Angela Lee and Davis Gustafson are the newly elected Undergraduate Student Government Association president and executive vice president, respectively, for 2021–2022. Both said they want to improve USGA and the split ticket should not pose a barrier to improving students’ experiences.
Lee, a junior majoring in chemistry, said she ran for president because being a part of USGA for two years made her realize that there is an opportunity to grow the organization every year.
“There’s always a continuous process of seeing what one administration does and knowing that you can better it,” Lee said.
Lee said that although she is unsure what the transition from EVP to president will look like, it won’t be a barrier. “It’s a learning process. You don’t truly understand the position that you’re in unless you experience it.”
Gustafson, a sophomore majoring in industrial distribution, said he decided to run for executive vice president because he did not believe that the Executive Council was listening to students, specifically the senate. The catalyst for him was the protester that came to campus and the delayed response to it from the Executive Council, even after senate members asked them to post something to alleviate student concerns.
“When Executive Council finally said something, the president made a video that he had, and it was just like he was reading off a screen, and you could tell that the effort was not there,” Gustafson said.
From his experience in the senate, Gustafson said he couldn’t accomplish all he intended due to the wants of the executive council.
“For Collat (School of Business) , we have been meeting with the dean monthly and doing stuff, but it feels like we could be doing a lot more for the student body, and Executive Council doesn’t want senate to be doing that.”
Lee said her platform is centered around improving the experiences of students.
“I think that’s what each USGA administration should focus on, is how we can better the resources and connection between the students,” she said.
To this end, Lee said she has plans to develop a platform where students can anonymously send questions to USGA and campus departments. USGA will then filter the topics and questions to post an FAQ.
Lee also said she will do more outreach with registered student organizations because she doesn’t expect all students to be affiliated with and invested in USGA. She said she will create a “leadership senate roundtable” for RSO leaders to discuss campus issues each semester to achieve more interaction.
To address the challenge in outreach to RSOs that do not already have a collaboration with USGA, Lee said she wants to build a Division of Student Issues.
“Within that division, we would have different coordinators who would reach out to RSOs and establish that connection, establish that trust that will keep building,” Lee said. “It really just starts with having members who already have a relationship with the organization that we want to connect with, and then we would go from there.”
Gustafson also said that working with RSOs is a major component to get students’ perspectives on specific USGA initiatives. He said he thinks this outreach will get more individuals interested in USGA and eventually diversify representation in USGA.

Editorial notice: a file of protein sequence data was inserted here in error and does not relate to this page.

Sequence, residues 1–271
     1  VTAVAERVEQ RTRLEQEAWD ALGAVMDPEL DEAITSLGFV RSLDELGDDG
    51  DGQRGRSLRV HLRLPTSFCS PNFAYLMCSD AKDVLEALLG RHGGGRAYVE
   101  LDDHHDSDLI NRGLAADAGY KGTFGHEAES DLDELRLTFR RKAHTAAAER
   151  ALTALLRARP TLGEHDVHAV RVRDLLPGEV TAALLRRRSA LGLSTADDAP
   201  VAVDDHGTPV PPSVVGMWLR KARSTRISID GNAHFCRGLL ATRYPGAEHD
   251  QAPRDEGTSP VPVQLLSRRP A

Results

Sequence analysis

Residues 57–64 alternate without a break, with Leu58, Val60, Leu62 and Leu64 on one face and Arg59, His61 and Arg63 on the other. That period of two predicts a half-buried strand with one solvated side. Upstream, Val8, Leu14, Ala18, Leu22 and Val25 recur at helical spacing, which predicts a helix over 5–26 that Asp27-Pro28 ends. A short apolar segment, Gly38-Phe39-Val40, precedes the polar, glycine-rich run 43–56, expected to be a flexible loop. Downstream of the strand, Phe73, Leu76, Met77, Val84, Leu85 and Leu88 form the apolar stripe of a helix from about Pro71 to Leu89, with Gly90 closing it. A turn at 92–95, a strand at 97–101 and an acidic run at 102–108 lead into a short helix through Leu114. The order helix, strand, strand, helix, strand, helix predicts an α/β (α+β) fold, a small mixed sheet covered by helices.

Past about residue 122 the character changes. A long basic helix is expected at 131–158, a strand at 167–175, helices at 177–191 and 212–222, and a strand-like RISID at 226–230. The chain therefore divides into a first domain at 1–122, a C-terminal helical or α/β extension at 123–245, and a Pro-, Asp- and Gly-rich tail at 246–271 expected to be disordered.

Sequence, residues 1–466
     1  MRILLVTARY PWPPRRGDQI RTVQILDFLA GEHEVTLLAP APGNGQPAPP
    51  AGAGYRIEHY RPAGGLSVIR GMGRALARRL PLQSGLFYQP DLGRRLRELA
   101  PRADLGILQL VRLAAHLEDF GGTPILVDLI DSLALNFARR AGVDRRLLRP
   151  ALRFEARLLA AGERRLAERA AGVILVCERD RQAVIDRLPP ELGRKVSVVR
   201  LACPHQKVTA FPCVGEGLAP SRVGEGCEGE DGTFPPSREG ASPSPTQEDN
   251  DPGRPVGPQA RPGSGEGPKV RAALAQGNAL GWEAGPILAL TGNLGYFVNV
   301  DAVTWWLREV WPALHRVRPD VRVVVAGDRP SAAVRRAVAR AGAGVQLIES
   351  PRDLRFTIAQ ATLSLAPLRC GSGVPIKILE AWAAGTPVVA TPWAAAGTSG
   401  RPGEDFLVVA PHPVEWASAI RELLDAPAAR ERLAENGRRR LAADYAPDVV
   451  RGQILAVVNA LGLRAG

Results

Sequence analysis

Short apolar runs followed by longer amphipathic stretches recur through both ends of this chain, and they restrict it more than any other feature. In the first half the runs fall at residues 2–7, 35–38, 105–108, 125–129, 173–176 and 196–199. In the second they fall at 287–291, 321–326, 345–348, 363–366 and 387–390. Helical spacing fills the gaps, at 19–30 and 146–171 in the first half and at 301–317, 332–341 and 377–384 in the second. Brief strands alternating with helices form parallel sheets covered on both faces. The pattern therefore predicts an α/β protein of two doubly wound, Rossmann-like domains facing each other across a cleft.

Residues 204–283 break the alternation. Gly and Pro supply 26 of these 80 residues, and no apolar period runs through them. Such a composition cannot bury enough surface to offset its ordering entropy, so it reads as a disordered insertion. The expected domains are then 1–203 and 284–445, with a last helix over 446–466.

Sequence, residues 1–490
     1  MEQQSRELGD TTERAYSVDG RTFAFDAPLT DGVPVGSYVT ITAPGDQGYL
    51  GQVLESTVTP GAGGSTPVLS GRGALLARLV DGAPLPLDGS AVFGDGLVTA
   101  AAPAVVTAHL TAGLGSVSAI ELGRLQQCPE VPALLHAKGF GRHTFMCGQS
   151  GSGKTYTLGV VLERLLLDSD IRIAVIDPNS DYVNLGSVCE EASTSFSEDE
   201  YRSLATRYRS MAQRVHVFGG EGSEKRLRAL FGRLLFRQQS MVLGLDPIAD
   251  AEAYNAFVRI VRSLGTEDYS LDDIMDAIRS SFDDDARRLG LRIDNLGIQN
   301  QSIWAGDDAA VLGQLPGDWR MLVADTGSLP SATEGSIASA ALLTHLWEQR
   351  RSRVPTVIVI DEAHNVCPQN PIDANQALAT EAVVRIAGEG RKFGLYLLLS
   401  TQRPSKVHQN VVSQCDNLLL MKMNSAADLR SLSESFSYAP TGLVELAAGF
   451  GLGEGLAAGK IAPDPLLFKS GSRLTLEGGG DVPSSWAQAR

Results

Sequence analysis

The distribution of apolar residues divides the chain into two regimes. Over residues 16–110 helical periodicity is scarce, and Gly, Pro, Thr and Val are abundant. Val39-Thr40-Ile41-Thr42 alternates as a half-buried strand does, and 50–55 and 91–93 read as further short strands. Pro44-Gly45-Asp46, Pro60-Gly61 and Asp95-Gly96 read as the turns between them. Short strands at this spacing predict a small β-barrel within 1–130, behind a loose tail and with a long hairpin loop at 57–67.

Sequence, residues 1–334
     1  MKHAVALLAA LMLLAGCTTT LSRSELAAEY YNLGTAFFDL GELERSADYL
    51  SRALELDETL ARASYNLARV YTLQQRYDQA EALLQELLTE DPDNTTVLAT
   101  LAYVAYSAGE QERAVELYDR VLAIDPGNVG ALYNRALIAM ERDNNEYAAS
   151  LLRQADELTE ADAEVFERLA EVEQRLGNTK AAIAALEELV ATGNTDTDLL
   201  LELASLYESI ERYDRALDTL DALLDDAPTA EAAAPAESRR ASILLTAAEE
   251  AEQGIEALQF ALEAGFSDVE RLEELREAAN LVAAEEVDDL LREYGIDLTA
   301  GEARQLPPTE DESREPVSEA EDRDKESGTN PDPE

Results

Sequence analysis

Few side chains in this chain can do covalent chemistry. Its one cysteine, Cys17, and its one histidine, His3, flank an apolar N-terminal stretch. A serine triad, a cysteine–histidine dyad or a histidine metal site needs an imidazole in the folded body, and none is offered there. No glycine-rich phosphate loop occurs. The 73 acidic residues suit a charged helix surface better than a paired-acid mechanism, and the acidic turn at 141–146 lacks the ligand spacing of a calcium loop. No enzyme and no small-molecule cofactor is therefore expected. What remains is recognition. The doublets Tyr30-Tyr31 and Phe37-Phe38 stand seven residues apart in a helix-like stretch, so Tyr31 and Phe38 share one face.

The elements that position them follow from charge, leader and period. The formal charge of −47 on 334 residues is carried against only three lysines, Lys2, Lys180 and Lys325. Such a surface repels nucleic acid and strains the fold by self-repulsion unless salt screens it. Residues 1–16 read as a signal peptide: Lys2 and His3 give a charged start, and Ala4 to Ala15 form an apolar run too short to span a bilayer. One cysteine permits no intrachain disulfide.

“From the outside perspective, it looks like it’s just people in their friend groups. And there are some specific roles in cabinet that — they don’t do anything,” Gustafson said. “It’s very clear that they were friends with the people in charge.”
He said this was the reason he and Peyton Perry, former USGA presidential candidate, ran on including the USGA advisor in the interview process to eliminate bias.
In order to increase transparency, Gustafson said he will have biweekly or weekly newsletters published through email or Instagram so students can see what USGA is doing every week.
Lee and Gustafson both acknowledged the challenges of a split ticket.
“It’s pretty novel of an event to see a split ticket happen just because people run on different platforms, and one may be on a different scope than another,” Lee said. “So, it’s a process and also a challenge of combining those platforms and working together. I think it’s hard with someone you didn’t build a platform with.”
Gustafson said the split ticket shifts the focus to what can be accomplished.
“There are things on the current president’s platform that haven’t happened this year, so even with a unified ticket, things don’t always get done,” Gustafson said. “But then you add the split ticket on top of that, and then it’s two platforms that don’t necessarily go against each other, but it adds on to how much you want to get done versus how much you can get done.”
Gustafson also said this this shouldn’t halt any progress within USGA.
“We are going to have obvious challenges because there are parts of our platforms that don’t necessarily align together,” he said. “But I feel like we can get through it just because — if the students want something and the students need it. Hopefully, it will get done whether specifically we want it. I think the biggest part is looking past our opinions and looking at the students’ voices.”
Lee said what matters is that both of them want change.
“I think since we are both student leaders who want to create change, that should be the primary goal, that we find the common ground and build upon that. So, I would acknowledge that we both are running for change, and we want to create that.”